Dr. Emily Stephens on serotonin (E04)

You’ve found the page with resources for our episode with Dr. Emily Stephens.

Patch Clamp Electrophysiology

One of the first things we talked about was her work with patch clamping. Emily explained the process extremely well and we wanted to include some images to further demonstrate the technique and make it easier for visual learners.

The image to the left is what you would see under the microscope using infrared light. Here you can see the pipette coming down from the left side of the image and the neuron it is patched to just below the tip near the middle of the image. Getting both the pipette and the cell in focus together is a challenge: connecting the two is extremely difficult.

Image from: Dr. Ainhara Aguado, Ruhr University Bochum, Germany

Once connected to the cell, there are a few ways to record the action potentials (the electrical current that goes through the axon). You can see these various set-ups in the image below. The set-up Emily uses is Whole-cell Recording, which is the very bottom left panel. If you notice the arrows in the image, each technique starts with the top left image where the pipette is brought to the cell’s surface, then with mild suction it moves to the image in the top middle where the pipette is attached to the surface. Emily’s technique then uses a strong suction pulse to break the surface of the cell allowing the pipette access to the inside of the cell body, or soma.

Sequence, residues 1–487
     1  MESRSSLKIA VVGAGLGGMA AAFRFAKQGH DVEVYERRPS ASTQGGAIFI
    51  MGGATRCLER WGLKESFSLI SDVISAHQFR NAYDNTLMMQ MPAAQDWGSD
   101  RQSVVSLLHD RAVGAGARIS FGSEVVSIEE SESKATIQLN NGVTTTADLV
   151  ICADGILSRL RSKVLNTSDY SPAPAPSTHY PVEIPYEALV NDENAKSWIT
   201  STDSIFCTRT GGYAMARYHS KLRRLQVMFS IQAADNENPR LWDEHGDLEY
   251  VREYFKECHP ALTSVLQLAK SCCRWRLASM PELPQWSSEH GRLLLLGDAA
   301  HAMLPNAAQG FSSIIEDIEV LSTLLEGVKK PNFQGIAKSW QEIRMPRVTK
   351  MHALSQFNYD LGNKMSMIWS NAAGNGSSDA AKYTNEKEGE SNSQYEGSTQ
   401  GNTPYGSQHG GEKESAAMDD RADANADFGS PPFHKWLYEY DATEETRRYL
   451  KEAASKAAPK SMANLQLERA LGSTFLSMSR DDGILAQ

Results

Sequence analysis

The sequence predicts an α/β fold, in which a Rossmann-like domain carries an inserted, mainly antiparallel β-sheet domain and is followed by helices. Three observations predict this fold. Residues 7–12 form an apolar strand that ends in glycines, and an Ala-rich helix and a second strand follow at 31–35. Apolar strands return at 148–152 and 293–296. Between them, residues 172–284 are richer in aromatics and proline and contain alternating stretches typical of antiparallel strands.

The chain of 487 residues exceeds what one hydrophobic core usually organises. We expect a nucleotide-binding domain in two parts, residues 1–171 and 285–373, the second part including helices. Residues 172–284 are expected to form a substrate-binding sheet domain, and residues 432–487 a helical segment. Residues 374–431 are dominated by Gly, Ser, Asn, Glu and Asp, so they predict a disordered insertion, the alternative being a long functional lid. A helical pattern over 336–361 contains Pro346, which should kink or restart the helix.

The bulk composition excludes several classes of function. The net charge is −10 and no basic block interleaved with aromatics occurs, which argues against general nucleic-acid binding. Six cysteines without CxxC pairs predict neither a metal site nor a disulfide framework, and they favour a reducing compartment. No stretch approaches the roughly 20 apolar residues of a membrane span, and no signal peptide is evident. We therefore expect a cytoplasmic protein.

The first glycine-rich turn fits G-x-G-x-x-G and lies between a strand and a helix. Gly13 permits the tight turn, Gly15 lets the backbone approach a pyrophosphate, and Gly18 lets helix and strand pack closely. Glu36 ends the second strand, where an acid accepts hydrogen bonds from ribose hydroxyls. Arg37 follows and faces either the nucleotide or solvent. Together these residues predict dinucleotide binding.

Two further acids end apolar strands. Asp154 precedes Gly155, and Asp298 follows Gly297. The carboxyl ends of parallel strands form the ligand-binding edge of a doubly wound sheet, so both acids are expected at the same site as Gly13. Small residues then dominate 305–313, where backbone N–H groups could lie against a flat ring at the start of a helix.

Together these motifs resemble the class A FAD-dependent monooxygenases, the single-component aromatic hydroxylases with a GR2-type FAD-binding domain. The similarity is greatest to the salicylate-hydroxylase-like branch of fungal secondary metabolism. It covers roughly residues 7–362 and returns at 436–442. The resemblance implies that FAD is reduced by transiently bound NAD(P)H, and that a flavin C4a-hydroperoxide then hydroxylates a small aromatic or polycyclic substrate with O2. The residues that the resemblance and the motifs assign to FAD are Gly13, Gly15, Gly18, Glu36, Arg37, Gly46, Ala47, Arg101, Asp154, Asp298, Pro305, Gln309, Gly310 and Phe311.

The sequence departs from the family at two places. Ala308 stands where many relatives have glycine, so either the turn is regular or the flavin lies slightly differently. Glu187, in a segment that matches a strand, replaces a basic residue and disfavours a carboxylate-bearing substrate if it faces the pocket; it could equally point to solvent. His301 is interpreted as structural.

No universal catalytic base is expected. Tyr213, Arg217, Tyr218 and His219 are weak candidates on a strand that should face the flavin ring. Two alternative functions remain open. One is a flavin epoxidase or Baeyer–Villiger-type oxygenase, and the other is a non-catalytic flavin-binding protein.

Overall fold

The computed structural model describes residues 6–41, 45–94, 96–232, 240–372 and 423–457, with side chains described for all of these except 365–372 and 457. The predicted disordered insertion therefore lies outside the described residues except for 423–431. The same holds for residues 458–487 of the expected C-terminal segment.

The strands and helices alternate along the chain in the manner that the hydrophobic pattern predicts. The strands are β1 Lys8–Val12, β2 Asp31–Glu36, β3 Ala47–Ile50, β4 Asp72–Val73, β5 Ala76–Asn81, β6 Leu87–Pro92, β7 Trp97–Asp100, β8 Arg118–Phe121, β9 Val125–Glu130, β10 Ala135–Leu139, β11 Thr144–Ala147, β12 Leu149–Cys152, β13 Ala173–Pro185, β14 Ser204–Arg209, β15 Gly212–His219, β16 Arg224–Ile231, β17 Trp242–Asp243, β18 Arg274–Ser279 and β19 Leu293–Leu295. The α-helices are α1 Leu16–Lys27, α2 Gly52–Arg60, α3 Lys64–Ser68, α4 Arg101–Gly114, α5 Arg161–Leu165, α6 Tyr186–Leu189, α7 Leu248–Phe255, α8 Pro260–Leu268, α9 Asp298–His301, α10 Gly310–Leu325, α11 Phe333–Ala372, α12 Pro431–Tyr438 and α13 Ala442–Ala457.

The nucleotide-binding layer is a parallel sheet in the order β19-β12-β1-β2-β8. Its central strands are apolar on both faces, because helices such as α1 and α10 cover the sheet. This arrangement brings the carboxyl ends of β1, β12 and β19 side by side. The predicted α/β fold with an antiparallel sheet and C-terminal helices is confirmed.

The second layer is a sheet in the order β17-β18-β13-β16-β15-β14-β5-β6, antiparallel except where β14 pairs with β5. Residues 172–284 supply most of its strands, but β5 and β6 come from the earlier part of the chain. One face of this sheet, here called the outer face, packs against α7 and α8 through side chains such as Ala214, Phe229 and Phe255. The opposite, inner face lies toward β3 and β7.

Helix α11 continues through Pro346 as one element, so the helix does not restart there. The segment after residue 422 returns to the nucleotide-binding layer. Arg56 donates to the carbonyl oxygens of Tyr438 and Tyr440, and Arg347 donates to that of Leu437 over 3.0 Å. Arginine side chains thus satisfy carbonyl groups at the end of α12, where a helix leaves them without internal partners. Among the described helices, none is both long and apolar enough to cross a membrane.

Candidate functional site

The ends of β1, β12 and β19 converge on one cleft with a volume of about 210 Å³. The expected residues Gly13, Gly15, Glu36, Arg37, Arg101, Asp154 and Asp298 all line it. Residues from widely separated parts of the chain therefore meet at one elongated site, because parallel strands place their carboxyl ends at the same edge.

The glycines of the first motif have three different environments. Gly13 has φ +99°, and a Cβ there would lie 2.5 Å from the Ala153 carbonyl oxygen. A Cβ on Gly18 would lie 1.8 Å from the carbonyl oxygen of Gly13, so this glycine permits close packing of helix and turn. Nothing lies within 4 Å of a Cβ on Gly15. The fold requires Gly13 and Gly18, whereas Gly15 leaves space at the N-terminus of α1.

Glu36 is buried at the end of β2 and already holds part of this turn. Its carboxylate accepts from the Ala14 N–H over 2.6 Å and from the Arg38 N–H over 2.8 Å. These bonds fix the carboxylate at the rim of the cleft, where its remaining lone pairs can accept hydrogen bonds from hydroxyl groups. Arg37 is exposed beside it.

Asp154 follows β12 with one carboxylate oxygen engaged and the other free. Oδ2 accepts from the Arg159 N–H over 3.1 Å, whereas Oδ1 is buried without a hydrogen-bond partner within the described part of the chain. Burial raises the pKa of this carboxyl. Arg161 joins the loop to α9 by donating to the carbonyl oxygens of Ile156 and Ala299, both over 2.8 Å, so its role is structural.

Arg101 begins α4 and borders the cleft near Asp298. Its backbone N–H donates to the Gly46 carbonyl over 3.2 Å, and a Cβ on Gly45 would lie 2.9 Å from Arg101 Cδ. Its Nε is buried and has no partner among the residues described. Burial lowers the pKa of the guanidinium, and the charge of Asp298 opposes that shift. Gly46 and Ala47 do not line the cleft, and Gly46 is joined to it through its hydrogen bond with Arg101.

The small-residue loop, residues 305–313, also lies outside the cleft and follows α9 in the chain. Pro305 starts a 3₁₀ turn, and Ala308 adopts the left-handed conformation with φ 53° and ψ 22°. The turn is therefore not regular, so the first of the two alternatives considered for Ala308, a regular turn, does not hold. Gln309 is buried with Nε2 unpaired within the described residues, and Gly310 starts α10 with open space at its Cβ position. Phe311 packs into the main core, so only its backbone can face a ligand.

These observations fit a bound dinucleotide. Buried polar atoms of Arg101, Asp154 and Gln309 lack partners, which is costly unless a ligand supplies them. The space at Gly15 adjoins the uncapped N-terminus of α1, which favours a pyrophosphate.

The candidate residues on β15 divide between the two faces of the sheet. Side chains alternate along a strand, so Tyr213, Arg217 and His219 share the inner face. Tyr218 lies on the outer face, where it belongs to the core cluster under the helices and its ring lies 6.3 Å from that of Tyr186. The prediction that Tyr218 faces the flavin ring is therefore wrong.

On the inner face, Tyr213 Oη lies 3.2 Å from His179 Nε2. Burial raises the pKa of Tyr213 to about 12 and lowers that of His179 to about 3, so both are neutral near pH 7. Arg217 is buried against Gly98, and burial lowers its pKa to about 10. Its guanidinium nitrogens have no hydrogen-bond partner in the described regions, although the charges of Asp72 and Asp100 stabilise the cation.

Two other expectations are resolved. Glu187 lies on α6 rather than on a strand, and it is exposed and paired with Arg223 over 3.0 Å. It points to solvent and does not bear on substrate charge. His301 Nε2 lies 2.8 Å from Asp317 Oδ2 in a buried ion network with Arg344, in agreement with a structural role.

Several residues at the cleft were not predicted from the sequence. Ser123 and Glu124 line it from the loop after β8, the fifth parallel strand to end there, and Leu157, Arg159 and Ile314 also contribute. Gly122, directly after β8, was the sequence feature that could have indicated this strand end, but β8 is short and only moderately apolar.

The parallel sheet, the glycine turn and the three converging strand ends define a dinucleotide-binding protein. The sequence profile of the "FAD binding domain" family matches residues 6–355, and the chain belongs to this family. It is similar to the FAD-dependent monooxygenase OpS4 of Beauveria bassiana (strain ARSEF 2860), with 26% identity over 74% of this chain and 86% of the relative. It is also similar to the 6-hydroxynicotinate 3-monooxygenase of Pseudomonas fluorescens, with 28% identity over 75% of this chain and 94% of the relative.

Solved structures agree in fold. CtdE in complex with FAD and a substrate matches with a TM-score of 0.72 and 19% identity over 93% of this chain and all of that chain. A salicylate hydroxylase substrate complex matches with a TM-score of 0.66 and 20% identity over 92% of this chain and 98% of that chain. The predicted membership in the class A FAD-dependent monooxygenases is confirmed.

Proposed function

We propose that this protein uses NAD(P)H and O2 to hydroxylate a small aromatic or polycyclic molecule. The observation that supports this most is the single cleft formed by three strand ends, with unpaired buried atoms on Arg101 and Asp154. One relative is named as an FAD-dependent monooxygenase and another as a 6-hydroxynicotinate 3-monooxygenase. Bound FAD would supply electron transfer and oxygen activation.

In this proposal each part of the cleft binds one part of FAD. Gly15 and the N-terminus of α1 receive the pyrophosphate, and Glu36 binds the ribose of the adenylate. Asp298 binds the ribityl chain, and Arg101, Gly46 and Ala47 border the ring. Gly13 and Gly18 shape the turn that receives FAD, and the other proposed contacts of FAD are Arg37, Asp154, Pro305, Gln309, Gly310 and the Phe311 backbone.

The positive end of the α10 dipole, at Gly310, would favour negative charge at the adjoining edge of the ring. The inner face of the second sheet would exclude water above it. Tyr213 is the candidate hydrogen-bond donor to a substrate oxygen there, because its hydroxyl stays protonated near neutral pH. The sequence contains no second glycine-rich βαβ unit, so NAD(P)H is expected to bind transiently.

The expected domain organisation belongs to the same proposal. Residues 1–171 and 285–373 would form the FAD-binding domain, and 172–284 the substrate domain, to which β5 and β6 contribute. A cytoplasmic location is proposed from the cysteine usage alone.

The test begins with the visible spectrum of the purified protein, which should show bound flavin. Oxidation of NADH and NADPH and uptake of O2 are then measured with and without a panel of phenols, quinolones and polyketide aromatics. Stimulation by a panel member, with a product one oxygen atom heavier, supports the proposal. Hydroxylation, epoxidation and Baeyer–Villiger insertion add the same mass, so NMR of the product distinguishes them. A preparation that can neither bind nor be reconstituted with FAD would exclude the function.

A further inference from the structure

Image from: Patch me if you can – What is the patch-Clamp Technique?, puzzledponderer.wordpress.com


Once you’re connected, what does the data look like?

You can see to the right a sample data recording from a neuron. Notice that like other electricity readings you may have seen, the unit of measurement is in voltage; in this case mV (milliVolts), which is a fraction of a volt. Additionally, notice the amount of time that passes for each spike to occur. It’s not very long! The time scale is in ms (milliseconds), which is a fraction of a second. Each spike you see on this image represents one action potential (one electrical signal that passes the axon hillock and travels down the axon.


Split-brain Patient

In addition to her discussion of the patch clamping technique, Emily mentioned the case of a split brain patient. See the video below for an awesome and short documentary clip about a split brain patient right here at Dartmouth.


Let us know what you thought about the episode and if there are anymore resources you’d like to see put up about this topic!